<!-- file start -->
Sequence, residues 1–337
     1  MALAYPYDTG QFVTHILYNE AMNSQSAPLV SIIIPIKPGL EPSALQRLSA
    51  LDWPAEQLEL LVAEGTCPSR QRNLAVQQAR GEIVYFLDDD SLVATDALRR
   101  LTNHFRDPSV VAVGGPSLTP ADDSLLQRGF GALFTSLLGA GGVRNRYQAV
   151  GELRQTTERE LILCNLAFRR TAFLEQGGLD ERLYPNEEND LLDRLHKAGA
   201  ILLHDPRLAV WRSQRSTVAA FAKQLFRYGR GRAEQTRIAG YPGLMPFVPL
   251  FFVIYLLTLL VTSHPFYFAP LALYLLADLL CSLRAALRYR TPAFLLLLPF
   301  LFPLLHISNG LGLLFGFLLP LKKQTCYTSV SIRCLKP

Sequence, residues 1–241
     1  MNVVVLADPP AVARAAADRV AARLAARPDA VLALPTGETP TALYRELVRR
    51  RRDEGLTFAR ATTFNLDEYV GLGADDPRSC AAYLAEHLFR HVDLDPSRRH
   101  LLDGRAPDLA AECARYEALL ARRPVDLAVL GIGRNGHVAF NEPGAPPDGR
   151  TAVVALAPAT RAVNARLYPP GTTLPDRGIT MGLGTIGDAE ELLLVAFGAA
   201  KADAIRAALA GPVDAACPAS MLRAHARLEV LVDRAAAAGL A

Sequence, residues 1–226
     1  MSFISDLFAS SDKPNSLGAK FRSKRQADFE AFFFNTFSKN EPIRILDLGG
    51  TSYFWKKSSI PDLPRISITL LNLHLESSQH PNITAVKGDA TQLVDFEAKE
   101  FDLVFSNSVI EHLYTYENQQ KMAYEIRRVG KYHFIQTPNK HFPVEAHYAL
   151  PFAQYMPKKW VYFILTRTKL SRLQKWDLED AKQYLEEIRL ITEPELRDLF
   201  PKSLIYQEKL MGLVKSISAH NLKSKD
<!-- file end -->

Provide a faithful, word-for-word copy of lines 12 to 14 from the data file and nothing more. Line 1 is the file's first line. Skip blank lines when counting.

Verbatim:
   101  LLDGRAPDLA AECARYEALL ARRPVDLAVL GIGRNGHVAF NEPGAPPDGR
   151  TAVVALAPAT RAVNARLYPP GTTLPDRGIT MGLGTIGDAE ELLLVAFGAA
   201  KADAIRAALA GPVDAACPAS MLRAHARLEV LVDRAAAAGL A